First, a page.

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  20. Kaiser Family Foundation, Health And Access to Care and Coverage for Lesbian, Gay, Bisexual, and Transgender Individuals in the U.S., (Washington, DC: Kaiser Family Foundation, June 2016), http://kff.org/disparities-policy/issue-brief/health-and-access-to-care-and-coverage-for-lesbian-gay-bisexual-and-transgender-individuals-in-the-u-s/.

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  21. Kaiser Commission on Medicaid and the Uninsured, Overview of Health Coverage for Individuals with Limited English Proficiency, (Washington, DC: Kaiser Commission on Medicaid and the Uninsured, August 2012), http://www.kff.org/uninsured/8343.cfm.

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  22. Mitchell Peck and Meredith Denney, “Disparities in the Conduct of the Medical Encounter: The Effect of Physician and Patient Race and Gender,” SAGE Open (Jul-Sep 2012):1-14, doi:10.1177/2158244012459193.

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  23. Agency for Healthcare Research and Quality, National Healthcare Disparities Report 2011, (Rockville, MD: Agency for Healthcare Research and Quality, 2011), http://archive.ahrq.gov/research/findings/nhqrdr/nhdr11/nhdr11.pdf.

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  24. Diane Smith, “Health Care Disparities for Person with Limited English Proficiency: Relationships from the 2006 Medical Expenditure Panel Survey,” Journal of Health Disparities Research and Practice 3(3) (Spring 2012): 57-67.

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  25. Kaiser Family Foundation, Key Facts on Health and Health Care by Race and Ethnicity, (Washington, DC: Kaiser Family Foundation, June 2016), http://files.kff.org/attachment/Chartpack-Key-Facts-on-Health-and-Health-Care-by-Race-and-Ethnicity.

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  26. Ibid.

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  27. Elizabeth Arias, “United States Life Tables, 2011,” National Vital Statistics Reports 64(11) (Sep 2015).

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  28. Paula Braverman et al., “Socioeconomic Disparities in Health in the United States: What the Patterns Tell Us,” American Journal of Public Health 100(1) (April 2010):186-196.

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  29. Kaiser Family Foundation, Health And Access to Care and Coverage for Lesbian, Gay, Bisexual, and Transgender Individuals in the U.S., (Washington, DC: Kaiser Family Foundation, June 2016), http://kff.org/disparities-policy/issue-brief/health-and-access-to-care-and-coverage-for-lesbian-gay-bisexual-and-transgender-individuals-in-the-u-s/.

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  30. U.S. Department of Health and Human Services, Reducing Tobacco Use: A Report of the Surgeon General, (Atlanta, Georgia: Centers for Disease Control and Prevention, 2000), http://www.cdc.gov/tobacco/data_statistics/sgr/2000/index.htm.

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  31. U.S. Department of Health and Human Services, Mental Health: Culture, Race, and Ethnicity. A Supplement to Mental Health: A Report of the Surgeon General, (Rockville, MD: National Institute of Mental Health, August 2001), http://www.ncbi.nlm.nih.gov/books/NBK44243/.

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  32. Pub. L. 106–525, Nov. 22, 2000, 114 Stat. 2495.

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  33. U.S. Department of Health and Human Services, Unequal Treatment: Confronting Racial and Ethnic Disparities in Health Care, (Washington, DC: Institute of Medicine, March 2002), http://www.nationalacademies.org/hmd/Reports/2002/Unequal-Treatment-Confronting-Racial-and-Ethnic-Disparities-in-Health-Care.aspx.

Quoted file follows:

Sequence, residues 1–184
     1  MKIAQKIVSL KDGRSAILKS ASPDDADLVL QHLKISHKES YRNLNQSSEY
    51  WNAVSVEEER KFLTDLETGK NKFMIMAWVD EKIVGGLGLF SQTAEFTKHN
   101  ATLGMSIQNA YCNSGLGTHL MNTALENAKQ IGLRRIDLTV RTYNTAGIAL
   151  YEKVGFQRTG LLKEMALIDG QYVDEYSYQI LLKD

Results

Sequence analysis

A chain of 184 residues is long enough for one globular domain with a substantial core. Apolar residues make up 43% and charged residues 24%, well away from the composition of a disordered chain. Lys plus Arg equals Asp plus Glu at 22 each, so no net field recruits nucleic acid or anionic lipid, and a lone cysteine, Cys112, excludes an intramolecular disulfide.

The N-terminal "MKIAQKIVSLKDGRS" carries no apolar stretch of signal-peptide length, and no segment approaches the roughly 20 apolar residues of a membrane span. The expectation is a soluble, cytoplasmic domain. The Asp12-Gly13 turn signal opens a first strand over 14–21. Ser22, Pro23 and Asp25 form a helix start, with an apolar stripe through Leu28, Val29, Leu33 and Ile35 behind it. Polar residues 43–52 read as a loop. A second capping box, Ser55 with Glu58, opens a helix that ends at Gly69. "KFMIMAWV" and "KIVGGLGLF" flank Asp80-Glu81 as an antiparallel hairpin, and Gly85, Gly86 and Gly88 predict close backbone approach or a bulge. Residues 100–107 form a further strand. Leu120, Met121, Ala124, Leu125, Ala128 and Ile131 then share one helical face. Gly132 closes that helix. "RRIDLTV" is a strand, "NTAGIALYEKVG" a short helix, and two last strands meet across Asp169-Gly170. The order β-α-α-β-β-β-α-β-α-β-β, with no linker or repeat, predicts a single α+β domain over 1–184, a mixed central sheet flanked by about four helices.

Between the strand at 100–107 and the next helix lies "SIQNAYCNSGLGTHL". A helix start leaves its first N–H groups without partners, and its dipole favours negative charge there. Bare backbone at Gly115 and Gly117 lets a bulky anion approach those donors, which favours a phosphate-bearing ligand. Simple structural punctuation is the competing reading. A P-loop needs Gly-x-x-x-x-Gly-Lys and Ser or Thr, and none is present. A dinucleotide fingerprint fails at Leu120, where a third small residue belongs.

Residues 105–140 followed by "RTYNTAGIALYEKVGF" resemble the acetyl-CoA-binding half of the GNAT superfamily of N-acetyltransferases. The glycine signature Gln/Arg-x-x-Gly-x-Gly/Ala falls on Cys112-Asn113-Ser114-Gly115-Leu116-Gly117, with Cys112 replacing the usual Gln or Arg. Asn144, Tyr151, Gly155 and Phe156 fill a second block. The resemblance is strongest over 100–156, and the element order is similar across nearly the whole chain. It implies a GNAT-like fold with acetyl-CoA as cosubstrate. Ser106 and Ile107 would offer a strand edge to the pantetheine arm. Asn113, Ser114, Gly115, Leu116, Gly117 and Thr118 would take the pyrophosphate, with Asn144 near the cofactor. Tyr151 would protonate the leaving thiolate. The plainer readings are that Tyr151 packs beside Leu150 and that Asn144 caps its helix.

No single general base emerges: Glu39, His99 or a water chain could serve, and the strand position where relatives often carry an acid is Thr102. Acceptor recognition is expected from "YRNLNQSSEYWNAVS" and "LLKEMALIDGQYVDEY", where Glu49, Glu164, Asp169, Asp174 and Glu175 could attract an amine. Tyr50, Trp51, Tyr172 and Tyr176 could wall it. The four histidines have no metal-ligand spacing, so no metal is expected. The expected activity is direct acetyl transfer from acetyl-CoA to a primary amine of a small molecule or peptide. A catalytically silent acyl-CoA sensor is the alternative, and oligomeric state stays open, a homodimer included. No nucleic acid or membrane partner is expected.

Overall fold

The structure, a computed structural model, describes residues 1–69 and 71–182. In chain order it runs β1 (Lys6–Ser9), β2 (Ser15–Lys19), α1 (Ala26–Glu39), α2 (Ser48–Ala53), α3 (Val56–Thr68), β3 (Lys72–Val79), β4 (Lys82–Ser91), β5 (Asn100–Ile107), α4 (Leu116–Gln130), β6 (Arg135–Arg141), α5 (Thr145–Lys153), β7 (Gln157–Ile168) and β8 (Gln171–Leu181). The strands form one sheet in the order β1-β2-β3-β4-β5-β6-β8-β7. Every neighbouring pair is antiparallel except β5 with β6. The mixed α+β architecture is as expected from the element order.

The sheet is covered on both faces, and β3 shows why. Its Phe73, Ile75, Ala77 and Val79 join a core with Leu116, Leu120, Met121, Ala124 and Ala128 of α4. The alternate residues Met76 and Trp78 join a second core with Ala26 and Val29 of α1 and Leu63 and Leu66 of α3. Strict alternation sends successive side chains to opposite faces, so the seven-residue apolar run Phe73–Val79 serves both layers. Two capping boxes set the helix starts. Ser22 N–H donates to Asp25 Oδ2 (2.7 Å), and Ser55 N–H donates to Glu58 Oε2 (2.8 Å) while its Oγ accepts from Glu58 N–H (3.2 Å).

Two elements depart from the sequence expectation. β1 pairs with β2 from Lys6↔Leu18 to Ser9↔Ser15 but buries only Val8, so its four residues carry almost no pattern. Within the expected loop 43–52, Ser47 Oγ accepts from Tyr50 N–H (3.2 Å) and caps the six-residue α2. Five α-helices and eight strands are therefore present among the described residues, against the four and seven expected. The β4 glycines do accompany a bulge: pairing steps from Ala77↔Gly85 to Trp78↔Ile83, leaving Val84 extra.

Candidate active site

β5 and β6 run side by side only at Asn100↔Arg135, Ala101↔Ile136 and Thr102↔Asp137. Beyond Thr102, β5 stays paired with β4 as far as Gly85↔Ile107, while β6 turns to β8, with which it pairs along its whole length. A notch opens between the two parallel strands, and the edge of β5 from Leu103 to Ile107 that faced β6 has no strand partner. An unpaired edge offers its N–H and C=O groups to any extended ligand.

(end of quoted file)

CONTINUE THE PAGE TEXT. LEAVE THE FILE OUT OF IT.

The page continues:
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  34. U.S. Department of Health and Human Services, Unequal Treatment: What Healthcare Providers Need to Know about Racial and Ethnic Disparities in Healthcare, (Washington, DC: Institute of Medicine, March 2002), http://www.nationalacademies.org/hmd/~/media/Files/Report%20Files/2003/Unequal-Treatment-Confronting-Racial-and-Ethnic-Disparities-in-Health-Care/Disparitieshcproviders8pgFINAL.pdf.

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  35. “Frequently Asked Question," National Partnership for Action to Health Disparities, revised March 25, 2016, http://www.minorityhealth.hhs.gov/npa/templates/browse.aspx?lvl=1&lvlid=5.

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  36. U.S. Department of Health and Human Services, HHS Action Plan to Reduce Racial and Ethnic Disparities: Implementation Progress Report 2011-2014, (Washington, DC: U.S. Department of Health and Human Services, November 2015), http://minorityhealth.hhs.gov/assets/pdf/FINAL_HHS_Action_Plan_Progress_Report_11_2_2015.pdf.

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  37. See Dennis Andrulis et al., Patient Protection and Affordable Care Act of 2010: Advancing Health Equity for Racially and Ethnically Diverse Populations, (Washington, DC: Joint Center for Political and Economic Studies, July 2010), http://www.jointcenter.org/research/patient-protection-and-affordable-care-act-of-2010-advancing-health-equity-for-racially-and for a comprehensive and detailed overview of these provisions.

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  38. U.S. Department of Health and Human Services, The Power to Reduce Health Disparities: Voices from Reach Communities, (Atlanta, GA: Centers for Disease Control and Prevention, 2007), https://stacks.cdc.gov/view/cdc/12109/.

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  39. Ibid.

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  40. See for example, the Cultural-Quality-Collaborative http://www.jhsph.edu/research/centers-and-institutes/johns-hopkins-center-for-health-disparities-solutions/Projects/culture_quality_collaborative.html, which is a network of leading healthcare organizations that is working to share ideas, experiences, and solutions to real world problems that arise as a result of cross-cultural interactions that hinder the elimination of disparities in healthcare settings.

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  41. “Accountable Health Communities Model,” Centers for Medicare & Medicaid Services, revised May 18, 2016, https://innovation.cms.gov/initiatives/AHCM.

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  42. Robin Cohen, Michael Martinez, and Emily Zammitti, Health Insurance Coverage: Early Release of Estimates from the National Health Interview Survey, 2015, (Hyattsville, MD: National Center for Health Statistics, May 2016), http://www.cdc.gov/nchs/nhis/ releases.htm.